Huawei Honor 3C review

5 inches of HD, quad-core Android phone for just £110

Honor 3C
A well specced budget blower

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At the 'cheap as chips' end of the smartphone spectrum, there are honestly not many worthwhile phones to consider beyond the recent incredibly successful budget models from Motorola.

With the Honor 3C, Huawei has managed to pack an impressive list of specifications into a phone that'll cost you less than half the price of anything similar from the more highly-regarded Android brands such as Samsung or HTC.

A quad-core processor, good quality HD screen and 8MP snapper are enough to meet the demands of most casual users, while the dual micro-SIM capability might be genuinely appealing for travellers on a budget, or tight-fisted business types.

The build quality is also better than I had anticipated - feeling solid in the hand without feeling either too heavy or so light as to make it feel overly cheap. If you're looking for an alternative to highly-acclaimed Motorola Moto G, and don't mind the quirkiness of Huawei's Emotion UI, then the Honor 3C might just be one to consider.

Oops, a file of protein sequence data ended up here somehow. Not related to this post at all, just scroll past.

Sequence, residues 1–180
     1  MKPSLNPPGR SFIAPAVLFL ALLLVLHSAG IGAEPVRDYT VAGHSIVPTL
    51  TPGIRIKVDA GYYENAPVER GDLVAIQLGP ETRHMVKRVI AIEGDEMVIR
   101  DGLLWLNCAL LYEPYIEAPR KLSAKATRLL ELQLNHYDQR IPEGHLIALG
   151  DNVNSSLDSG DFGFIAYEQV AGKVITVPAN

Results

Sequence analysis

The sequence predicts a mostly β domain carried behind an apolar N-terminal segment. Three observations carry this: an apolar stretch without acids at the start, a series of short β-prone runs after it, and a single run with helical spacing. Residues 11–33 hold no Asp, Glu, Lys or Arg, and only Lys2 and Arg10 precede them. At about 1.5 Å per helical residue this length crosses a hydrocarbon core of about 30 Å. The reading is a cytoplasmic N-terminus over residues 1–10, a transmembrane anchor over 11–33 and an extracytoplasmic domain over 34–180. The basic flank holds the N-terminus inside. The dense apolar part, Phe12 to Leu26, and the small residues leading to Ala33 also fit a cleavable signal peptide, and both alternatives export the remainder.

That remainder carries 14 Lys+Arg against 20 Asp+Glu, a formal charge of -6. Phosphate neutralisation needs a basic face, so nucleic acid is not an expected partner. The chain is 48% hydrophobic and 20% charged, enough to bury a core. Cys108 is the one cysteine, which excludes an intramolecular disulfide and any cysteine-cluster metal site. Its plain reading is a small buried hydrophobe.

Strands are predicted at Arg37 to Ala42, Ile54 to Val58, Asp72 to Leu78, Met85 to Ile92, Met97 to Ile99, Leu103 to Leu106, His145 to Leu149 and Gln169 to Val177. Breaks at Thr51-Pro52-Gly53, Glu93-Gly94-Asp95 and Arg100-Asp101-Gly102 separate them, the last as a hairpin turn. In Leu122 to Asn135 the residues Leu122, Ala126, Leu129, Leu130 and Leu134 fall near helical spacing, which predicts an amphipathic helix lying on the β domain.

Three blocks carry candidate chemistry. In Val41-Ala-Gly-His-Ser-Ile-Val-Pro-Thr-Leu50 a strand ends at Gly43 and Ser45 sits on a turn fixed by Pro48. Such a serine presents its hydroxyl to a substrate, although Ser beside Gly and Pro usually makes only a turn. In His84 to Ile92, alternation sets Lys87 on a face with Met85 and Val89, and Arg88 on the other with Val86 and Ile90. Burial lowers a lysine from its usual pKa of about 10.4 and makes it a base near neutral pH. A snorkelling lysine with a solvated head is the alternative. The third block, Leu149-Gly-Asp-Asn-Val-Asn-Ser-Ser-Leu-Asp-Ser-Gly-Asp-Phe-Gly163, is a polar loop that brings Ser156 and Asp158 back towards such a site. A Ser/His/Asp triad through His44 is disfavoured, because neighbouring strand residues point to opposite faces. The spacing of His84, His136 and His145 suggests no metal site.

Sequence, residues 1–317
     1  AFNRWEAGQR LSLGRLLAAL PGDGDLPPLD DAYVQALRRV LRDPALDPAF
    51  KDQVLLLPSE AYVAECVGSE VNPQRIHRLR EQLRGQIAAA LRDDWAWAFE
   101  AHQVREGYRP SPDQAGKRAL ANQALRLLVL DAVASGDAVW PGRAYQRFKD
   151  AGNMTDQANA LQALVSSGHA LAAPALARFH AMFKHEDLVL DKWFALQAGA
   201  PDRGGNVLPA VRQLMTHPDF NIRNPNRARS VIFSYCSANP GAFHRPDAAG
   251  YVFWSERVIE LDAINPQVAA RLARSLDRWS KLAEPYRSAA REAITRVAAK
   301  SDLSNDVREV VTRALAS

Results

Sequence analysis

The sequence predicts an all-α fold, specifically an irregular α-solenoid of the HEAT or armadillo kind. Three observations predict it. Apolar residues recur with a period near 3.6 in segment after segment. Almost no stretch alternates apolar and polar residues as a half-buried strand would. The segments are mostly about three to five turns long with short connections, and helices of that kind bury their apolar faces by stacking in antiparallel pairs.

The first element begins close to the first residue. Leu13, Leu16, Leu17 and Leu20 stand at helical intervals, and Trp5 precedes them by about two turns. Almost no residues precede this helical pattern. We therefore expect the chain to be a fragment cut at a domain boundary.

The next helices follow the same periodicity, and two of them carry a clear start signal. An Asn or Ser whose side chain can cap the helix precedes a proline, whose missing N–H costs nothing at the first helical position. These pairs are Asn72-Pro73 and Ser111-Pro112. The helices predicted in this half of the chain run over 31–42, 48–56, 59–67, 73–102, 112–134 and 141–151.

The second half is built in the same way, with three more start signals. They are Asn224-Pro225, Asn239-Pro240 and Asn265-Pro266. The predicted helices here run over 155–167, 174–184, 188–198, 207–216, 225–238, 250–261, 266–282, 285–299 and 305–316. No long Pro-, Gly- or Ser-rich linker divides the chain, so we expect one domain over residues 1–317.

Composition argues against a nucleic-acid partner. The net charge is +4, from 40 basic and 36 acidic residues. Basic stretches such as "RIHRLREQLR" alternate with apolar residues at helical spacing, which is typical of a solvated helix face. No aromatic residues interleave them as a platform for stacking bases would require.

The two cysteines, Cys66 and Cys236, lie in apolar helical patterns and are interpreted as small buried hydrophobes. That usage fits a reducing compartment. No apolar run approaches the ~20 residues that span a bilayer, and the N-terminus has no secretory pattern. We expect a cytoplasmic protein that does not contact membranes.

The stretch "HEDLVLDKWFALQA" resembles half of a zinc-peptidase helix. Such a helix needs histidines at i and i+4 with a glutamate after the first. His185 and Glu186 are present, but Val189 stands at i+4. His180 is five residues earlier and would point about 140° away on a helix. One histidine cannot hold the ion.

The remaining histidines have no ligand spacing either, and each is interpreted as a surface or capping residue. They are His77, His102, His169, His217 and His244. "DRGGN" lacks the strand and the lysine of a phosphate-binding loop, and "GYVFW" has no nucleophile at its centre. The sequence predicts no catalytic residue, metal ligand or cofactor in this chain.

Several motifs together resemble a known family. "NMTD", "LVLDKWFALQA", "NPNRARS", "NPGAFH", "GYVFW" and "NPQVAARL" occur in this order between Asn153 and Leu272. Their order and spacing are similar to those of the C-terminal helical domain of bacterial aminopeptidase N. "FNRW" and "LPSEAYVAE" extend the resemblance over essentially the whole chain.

We liked

The decent-sized screen has punchy colours and a high enough resolution to make the interface, apps and photos appear crisp and clear.

The solid build, responsive buttons and a removable - but not poorly fitted - back plate that gives access to the good capacity battery, microSD and dual microSIMs, are all features that are worthy of a big thumbs up.

Though the Emotion UI isn't for everyone, the added features of the 'Gloves mode', easy-to-use power saving options and variety of themes make it more tolerable than you might think.

We disliked

The inclusion of such an old version of Android is almost unforgiveable. We'd have expected Android 4.4 as an absolute minimum - even if Huawei have been cutting corners to keep the Honor 3C in budget.

Rear camera quality is nothing to write home about, neither is the audio fidelity from the single rear speaker or lack of 4G support. A quad-core processor might sound good in the marketing blurb, but at 1.3GHz it's not exactly any kind of powerhouse. Overall the components feel like they've probably been rescued from a bin of 3 year-old phone parts.

Using the phone at night and in a darker room, the lack of back-lighting for the capacitive buttons became an increasing frustration. Sure you'll learn their order eventually, but even cheapy handsets like the Huawei Ascend G330 include backlit buttons.

Final verdict

When you're looking at a smartphone costing merely £110, you simply can't knock the Honor 3C's quality and specification. As I've mentioned previously, beyond the Motorola Moto G there's little else worth considering in this price bracket.

Of course, you can spend a little closer to £200 and get something nicer looking or from a more well known brand, but if all you seek is a smartphone with a reasonable sized HD screen and enough oomph to watch video, play the odd game or browse the internet, then the Honor 3C ticks enough boxes to be worth a punt.

First reviewed: December 2014